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Royal Wedding Tiaras: the Congo Diamond Tiara

Maria Teresa of Luxembourg on her wedding day

Every royal bride needs a tiara and even when they don't have one to call their own they can usually rely on a soon to be regal relative to find something they can borrow for their big day. That's exactly what happened to Maria Teresa de Mestre when she married the then Hereditary Grand Duke of Luxembourg in 1981 and walked into the Cathedral of Notre Dame wearing a tiara lent to her by the woman about to become her mother-in-law. It wasn't just a dash of sparkle, it was a family tradition in the making for the Congo Diamond Tiara worn by the royal bride that day had been used by her husband's mother for her own marriage almost thirty years earlier.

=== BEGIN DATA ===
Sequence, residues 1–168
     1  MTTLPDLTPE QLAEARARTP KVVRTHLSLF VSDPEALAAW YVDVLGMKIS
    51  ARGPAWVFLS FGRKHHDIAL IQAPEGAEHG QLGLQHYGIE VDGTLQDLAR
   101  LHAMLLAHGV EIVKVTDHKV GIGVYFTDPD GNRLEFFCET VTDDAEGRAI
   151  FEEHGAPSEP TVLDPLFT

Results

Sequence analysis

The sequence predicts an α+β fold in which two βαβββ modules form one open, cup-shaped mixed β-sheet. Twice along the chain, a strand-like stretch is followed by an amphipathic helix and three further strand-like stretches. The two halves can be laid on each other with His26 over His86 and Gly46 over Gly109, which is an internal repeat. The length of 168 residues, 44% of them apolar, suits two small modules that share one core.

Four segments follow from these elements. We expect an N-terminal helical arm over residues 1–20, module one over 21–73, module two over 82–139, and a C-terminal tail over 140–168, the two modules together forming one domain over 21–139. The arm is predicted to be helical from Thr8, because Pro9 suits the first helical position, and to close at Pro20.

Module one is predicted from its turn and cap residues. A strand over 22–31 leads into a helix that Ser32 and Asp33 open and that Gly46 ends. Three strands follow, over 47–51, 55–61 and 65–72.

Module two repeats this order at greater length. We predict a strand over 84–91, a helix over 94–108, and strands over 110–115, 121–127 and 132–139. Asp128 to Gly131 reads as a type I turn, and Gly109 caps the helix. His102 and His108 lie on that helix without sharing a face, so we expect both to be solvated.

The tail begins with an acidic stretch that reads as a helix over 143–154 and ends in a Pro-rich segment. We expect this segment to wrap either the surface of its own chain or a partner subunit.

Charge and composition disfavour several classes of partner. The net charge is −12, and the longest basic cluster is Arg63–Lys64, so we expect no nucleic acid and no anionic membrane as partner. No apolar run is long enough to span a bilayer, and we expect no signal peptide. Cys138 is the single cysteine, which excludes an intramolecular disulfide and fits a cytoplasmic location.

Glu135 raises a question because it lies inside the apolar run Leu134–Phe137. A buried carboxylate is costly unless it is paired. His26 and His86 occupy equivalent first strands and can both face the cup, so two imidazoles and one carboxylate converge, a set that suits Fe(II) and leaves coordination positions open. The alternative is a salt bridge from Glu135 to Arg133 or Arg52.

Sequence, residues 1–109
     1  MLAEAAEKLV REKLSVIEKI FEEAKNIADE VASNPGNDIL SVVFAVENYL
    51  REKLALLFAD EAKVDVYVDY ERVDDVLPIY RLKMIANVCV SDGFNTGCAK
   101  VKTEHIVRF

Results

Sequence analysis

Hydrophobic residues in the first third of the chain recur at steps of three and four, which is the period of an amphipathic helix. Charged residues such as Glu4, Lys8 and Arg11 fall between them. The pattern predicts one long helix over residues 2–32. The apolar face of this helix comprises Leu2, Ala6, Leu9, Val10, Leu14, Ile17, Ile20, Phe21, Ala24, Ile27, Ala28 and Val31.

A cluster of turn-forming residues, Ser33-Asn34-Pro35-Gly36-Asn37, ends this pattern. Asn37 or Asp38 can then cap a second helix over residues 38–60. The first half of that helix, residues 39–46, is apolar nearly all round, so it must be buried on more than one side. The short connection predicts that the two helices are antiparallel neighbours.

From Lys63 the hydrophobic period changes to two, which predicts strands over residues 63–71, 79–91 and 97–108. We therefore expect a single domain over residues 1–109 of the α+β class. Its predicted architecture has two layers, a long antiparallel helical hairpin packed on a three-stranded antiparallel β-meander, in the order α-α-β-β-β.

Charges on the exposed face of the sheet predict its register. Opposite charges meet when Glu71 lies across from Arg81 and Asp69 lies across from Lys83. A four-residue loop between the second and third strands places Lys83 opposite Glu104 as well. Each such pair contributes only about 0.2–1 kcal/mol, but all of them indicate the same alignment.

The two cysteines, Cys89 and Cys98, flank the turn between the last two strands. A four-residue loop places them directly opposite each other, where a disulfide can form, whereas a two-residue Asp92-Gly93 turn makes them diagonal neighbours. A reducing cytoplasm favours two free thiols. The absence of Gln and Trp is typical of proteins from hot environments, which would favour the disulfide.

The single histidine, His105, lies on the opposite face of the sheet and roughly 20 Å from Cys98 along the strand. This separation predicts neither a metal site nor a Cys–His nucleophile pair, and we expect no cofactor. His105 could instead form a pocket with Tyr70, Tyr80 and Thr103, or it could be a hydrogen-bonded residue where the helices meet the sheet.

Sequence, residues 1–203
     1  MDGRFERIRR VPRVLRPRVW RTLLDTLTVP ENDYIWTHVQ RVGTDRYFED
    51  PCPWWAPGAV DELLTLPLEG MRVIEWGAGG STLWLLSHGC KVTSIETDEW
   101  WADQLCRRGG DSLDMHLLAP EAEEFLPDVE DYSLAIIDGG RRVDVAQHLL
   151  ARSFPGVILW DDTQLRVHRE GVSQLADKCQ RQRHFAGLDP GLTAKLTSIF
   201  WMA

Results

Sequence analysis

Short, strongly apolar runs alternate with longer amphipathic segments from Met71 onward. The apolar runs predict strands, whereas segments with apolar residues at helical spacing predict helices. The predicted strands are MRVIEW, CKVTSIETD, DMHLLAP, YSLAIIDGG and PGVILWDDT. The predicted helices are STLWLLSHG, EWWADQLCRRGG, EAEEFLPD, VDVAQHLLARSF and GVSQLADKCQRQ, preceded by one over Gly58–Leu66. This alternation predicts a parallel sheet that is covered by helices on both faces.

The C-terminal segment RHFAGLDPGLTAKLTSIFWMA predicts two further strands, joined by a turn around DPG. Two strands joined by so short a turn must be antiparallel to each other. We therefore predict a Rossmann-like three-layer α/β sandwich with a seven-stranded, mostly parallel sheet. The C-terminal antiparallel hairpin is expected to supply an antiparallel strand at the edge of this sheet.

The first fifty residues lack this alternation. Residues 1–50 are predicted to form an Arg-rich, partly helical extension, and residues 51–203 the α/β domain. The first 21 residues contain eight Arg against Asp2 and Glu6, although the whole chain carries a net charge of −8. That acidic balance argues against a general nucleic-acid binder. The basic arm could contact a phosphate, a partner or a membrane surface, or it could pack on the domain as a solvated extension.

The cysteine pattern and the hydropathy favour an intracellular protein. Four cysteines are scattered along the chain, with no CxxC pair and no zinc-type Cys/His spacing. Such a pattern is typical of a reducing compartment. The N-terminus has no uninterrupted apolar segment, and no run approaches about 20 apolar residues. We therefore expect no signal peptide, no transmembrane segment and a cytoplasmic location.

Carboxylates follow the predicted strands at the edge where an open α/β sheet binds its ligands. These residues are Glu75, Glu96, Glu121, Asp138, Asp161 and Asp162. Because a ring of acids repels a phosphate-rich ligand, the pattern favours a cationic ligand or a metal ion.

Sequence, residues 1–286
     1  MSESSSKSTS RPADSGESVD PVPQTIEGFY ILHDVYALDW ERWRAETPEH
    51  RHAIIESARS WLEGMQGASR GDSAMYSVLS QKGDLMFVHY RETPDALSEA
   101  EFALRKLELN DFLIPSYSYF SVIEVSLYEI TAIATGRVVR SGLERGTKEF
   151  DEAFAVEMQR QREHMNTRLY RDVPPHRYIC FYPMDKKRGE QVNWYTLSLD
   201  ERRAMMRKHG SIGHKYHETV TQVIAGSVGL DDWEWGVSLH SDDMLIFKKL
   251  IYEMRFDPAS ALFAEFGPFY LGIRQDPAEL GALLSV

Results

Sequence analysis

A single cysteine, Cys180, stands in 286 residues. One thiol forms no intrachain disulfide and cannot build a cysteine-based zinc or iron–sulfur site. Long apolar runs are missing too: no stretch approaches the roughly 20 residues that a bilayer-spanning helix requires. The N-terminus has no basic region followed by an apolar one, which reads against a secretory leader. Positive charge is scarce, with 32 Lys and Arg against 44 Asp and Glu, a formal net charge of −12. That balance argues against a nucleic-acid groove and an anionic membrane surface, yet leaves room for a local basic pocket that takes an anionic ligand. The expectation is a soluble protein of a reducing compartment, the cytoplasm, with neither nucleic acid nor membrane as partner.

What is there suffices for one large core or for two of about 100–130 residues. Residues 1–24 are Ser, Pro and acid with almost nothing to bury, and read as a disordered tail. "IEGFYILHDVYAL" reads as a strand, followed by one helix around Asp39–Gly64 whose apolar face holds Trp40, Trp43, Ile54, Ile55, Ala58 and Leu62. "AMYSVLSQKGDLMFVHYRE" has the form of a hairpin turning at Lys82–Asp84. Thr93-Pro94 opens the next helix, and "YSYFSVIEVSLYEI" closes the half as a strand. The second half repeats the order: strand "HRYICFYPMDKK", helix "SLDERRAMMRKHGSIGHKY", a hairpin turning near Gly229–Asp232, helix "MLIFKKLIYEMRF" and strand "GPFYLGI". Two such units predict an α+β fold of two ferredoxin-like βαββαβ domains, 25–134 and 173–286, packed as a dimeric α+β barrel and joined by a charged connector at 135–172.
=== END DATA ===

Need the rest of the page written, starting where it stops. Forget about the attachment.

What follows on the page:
The Congo Diamond Tiara belonged originally to Princess Josephine Charlotte of Belgium and it was first seen when she married Jean of Luxembourg on April 9th 1953. The diamonds were said to possibly have been a gift from the bride's father, Leopold III, who had abdicated his throne two years earlier.

There are rows of round cut diamonds in this creation with a line of baguette cut stones between them. It is a slim and subtle tiara and was worn by both Josephine Charlotte and Maria Teresa towards the middle of their heads with thin veils attached behind it.

The tiara was also used by Josephine-Charlotte's two daughters for their weddings. Princess Marie-Astrid wore it less than a year after Maria Teresa when she married Archduke Carl Christian of Austria in Luxembourg on February 6th 1982.  Just five weeks later, the tiara was worn by Marie-Astrid's sister, Princess Margaretha, when she wed Prince Nikolaus of Liechtenstein on March 20th 1982.

The wedding tradition of this tiara seems to have ended there as the next generation of Luxembourg royals haven't used it.  So its most famous outing in modern times remains the moment that Maria Teresa wore it for her Valentine's Day Wedding in 1981.


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